The UK construction industry needs a fundamental rethink over how it funds buildings if it is to reap the benefits that could be gained from a long life, loose fit approach.
That was according to AHMM’s Simon Allford as he addressed a breakfast talk on the subject at NLA this morning.
Allford’s contention is that in the main, developers and housebuilders have a financial model which results in buildings built in the ‘cheapest, dumbest way possible’ and only care about short-term profits at the expense of providing flexible, thoughtful schemes like AHMM’s White Collar Factory. That scheme, said Allford, involved 10 years of research and a three-year build, including a £1m prototype built to test some of its low-energy principles. ‘And yet all anyone wants to talk about is the running track on the roof’, Allford joked.
Architects though, said Allford, are being ‘marginalized as decorators’ and have to engage and rethink their role. They tend to face the challenge of ‘designing our way out of spatial problems, but probably don’t get involved enough in financial problems.’ It was ‘absurd’ to have the waste involved in building offices for, say, £200-300 a foot, only to have another consultant come in, rip out the interior and do a ‘horrible fit out’ in its place. And the prevalence of Brookside-type housing cul-de-sacs are a result of a financial product, not how clever buildings are but how housebuilders can hold back stock and build ‘rubbish’ at an inflated price.
The White Collar Factory has been designed to be ‘infinitely flexible’, and where ‘everything does more than one thing’ with the robustness of a simple frame and openable windows. ‘Don’t give anyone the chance to value engineer your building’ advised Allford. ‘Know, in essence that there is nothing that can be stripped out’.
The conference was opened by Lifschutz Davidson director Alex Lifschutz, who said that ‘long life, loose fit’ dated back to Allex Gordon and Cedric Price’s Fun Palace but was a relevant issue for the housing crisis today. Lifschutz’s experience of working on the Oxo Tower – once a power station and then a meat warehouse – proved they could turn it into something ‘ready for tomorrow’. ‘It’s important to remember when you convert something that it’s not the last step but one on the way’, he said.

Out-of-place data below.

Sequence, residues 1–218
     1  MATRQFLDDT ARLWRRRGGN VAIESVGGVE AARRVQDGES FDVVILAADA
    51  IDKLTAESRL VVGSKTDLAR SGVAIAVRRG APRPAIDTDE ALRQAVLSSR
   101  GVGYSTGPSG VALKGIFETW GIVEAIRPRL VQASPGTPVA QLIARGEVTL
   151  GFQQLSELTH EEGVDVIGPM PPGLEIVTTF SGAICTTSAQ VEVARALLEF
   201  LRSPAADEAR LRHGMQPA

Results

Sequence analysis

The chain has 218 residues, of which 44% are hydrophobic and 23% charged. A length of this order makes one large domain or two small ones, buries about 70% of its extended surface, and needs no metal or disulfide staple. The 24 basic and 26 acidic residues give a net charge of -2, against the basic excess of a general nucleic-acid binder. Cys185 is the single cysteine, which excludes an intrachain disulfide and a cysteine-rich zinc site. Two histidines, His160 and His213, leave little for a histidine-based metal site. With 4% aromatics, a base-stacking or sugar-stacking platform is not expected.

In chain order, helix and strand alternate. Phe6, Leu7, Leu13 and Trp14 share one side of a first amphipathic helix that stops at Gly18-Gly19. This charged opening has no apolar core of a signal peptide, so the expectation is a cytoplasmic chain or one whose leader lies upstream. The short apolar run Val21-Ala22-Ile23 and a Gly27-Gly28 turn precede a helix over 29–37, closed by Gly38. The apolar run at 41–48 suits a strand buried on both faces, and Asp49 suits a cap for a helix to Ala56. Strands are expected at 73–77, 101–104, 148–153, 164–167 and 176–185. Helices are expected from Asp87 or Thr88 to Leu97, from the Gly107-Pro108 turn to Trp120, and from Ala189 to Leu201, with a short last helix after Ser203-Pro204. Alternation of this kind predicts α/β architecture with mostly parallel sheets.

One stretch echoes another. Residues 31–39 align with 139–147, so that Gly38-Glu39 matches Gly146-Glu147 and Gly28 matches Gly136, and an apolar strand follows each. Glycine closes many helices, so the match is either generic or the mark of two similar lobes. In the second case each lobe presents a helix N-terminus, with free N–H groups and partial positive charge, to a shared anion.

But statistics on permissions show that today’s housing crisis is not caused by the planning system – what was needed was a way to build fast, where a ‘step change’ was required. Lifschutz proposes that we use the mayor’s £3.1bn fund to build 90,000 affordable homes, occupying brownfield sites with a ‘new sort of pioneer’ – people who will make them socially active. The schemes can be reverted to the market at a later point if necessary. Lifschutz’s second proposition was to build faster using more modern techniques – building apartments by hand meant 22 weeks, but that could be reduced to one week if kitchens went down the flat pack route. ‘We have a craft arrangement where we need an industry’, he said.
In discussion, Alexi Marmot, founding director of AMA Alexi Marmot Associates, said that the best test of a building in education or any other sector could be to ask how it is going to become housing. That is the most common change of use, she argued. Simon Sturgis, meanwhile, the managing director of Sturgis Carbon Profiling said that it was important to shift our thinking of energy away from light or heating to more about materials and embodied energy. ‘It makes sense to have buildings that are adaptable and durable’, he said. ‘It reduces lifetime energy costs and means that architects need to think slightly differently. We tend to think to practical completion. Actually, we need to think of buildings as a process.’
But regulations – such as those from the BCO – were also causing headaches, said Allford – especially over temperatures; wasn’t it a better idea to simply wear a T-shirt in summer or a jumper when it gets cold?
Perhaps it might even be a good move to adopt an idea put forward by Paul Finch, said Lifschutz, that applicants are awarded planning permission only when they can show in another design, how buildings can be changed to housing. Without due attention to building in more of a ‘long life, loose fit’ way, added Lifschutz, the housing issue will continue to cause ‘immense grief’. ‘We have to be smart about solving it’, said Lifschutz. ‘I really think the time has come.’
Editor, New London Quarterly